Idiot compassion is the highly conceptualized idea that you want to do good. But that doesn’t mean to say that you have to be gentle all the time. Your gentleness should have heart, strength. In order that your compassion doesn’t become idiot compassion, you have to use your intelligence. Otherwise, there could be self-indulgence of thinking that you are creating a compassionate situation when in fact you are feeding the other person’s aggression.
-Chogyam Trungpa Rinpoche
We’ve all done this. We convince ourselves that we are being compassionate. We are quiet. We turn the other cheek. We give our last morsel of bread. And sometimes this is what a situation requires.
But sometimes, as Chogyam Trungpa Rinpoche says, we are feeding the other person’s aggression. What does this mean? It means that we are getting in the way of another’s growth by shielding them from experiencing the consequences of their actions. It means that we are actually helping them be unkind to themselves, to us, or to another. And, we are simply delaying the inevitable.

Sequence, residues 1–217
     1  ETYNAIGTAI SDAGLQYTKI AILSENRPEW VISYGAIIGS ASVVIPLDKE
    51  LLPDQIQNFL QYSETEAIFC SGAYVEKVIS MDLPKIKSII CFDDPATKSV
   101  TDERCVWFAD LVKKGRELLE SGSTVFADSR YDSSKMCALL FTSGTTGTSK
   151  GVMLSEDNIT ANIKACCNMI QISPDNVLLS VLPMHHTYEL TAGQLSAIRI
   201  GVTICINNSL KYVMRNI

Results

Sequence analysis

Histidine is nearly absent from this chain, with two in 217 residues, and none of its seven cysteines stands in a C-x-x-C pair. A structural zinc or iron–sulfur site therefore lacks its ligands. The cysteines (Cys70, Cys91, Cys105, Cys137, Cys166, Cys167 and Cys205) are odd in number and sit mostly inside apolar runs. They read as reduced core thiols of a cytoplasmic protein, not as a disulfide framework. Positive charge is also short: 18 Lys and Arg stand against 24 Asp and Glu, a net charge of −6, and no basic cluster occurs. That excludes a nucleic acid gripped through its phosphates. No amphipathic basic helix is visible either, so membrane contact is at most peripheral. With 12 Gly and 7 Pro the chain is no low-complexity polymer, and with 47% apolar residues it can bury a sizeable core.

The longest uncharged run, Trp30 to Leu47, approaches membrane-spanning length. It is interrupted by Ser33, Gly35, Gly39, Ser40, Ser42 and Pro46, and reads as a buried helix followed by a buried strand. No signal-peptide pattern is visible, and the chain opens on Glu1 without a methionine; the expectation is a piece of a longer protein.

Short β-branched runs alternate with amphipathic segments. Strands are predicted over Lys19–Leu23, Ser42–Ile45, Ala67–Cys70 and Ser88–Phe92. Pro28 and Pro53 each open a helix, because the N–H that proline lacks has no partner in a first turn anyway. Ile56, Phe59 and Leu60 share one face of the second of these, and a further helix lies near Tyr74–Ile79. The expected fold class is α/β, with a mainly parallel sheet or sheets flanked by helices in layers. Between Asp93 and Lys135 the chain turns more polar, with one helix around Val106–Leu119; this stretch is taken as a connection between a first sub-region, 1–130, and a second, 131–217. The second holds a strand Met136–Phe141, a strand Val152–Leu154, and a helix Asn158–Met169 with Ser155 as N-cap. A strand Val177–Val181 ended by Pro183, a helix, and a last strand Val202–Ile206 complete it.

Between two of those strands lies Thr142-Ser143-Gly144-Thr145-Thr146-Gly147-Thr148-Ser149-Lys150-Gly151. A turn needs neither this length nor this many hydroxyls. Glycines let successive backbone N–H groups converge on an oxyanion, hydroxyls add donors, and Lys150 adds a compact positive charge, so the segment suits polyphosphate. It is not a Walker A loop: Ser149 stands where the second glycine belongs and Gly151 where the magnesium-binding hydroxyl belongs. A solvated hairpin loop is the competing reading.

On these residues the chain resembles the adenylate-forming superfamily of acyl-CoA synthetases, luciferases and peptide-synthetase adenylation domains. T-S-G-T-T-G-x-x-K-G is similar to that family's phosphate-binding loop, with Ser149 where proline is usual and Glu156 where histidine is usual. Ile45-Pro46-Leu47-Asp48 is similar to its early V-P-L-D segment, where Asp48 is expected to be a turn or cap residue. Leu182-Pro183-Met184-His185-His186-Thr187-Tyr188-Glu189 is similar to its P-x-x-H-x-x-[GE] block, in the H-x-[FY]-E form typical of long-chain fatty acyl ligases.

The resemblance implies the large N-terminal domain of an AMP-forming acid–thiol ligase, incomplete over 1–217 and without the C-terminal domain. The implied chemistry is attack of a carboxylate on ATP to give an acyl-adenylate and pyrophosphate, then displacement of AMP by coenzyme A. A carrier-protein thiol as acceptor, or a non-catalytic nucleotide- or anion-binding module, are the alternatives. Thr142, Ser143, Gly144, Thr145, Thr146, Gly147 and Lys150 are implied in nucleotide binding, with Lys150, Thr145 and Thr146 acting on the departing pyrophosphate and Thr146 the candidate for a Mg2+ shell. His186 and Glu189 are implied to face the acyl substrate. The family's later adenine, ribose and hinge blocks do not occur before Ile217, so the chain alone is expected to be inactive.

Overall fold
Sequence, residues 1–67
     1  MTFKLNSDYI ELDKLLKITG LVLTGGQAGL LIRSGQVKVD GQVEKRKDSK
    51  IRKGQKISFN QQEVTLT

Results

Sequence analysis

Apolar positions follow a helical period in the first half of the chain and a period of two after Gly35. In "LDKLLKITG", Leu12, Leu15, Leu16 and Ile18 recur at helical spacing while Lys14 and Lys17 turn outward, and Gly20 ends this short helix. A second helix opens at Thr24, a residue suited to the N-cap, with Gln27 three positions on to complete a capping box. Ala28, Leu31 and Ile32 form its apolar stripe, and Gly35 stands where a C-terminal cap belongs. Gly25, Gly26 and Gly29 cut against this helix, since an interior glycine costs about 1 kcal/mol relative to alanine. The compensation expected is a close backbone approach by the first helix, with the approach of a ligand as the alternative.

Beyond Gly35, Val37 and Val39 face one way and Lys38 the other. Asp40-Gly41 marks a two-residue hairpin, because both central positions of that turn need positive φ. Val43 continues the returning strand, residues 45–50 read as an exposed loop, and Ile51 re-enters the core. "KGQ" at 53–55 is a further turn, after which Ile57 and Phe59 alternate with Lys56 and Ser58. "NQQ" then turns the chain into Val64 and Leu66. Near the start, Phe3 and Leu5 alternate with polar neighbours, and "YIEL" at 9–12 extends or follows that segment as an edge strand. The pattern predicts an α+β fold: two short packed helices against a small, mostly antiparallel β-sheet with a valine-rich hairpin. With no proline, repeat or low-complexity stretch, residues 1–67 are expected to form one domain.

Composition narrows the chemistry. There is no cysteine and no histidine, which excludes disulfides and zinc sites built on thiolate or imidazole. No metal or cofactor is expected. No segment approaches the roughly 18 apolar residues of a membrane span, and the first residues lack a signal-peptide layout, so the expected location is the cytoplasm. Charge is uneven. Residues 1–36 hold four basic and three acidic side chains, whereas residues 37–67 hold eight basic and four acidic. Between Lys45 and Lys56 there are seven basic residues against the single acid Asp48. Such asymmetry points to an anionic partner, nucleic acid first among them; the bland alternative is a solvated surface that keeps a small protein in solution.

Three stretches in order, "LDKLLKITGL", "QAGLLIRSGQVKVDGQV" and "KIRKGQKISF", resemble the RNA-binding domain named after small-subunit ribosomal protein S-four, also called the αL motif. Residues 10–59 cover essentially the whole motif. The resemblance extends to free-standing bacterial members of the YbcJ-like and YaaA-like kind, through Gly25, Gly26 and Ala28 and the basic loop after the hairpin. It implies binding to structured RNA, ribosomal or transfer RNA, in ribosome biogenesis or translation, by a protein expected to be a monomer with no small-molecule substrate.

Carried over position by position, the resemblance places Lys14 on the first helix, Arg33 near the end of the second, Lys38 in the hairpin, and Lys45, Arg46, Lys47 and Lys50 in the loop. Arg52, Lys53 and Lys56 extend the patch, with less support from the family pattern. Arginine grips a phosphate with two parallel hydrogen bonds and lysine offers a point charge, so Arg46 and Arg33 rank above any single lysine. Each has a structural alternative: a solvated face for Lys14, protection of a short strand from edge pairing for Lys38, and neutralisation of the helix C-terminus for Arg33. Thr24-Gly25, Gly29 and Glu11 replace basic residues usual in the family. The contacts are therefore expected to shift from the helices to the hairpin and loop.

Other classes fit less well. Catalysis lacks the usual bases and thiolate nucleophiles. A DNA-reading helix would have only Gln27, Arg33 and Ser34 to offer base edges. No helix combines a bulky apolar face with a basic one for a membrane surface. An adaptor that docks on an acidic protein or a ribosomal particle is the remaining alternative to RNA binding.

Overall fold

So how do we know what to do? How do we know whether our compassion should be quiet and gentle or firm and forceful?
We begin by looking deep within and asking ourselves what we are feeling and what uncomfortable feelings or situations we are ignoring or evading. Are we avoiding giving our time or money? Are we avoiding conflict? Are we avoiding seeing our loved one suffer? Those stuck places, those places where we feel the most uncomfortable, are where we need to look, and then perhaps, as Pema Chodron suggests, try a fresh alternative.
It’s not easy. These are hard decisions and there is no one answer. But these sometimes very painful situations give us the opportunity to uncover layers of unresolved and unintegrated material. Be patient with yourself. Be gentle and loving…one slow breath at a time.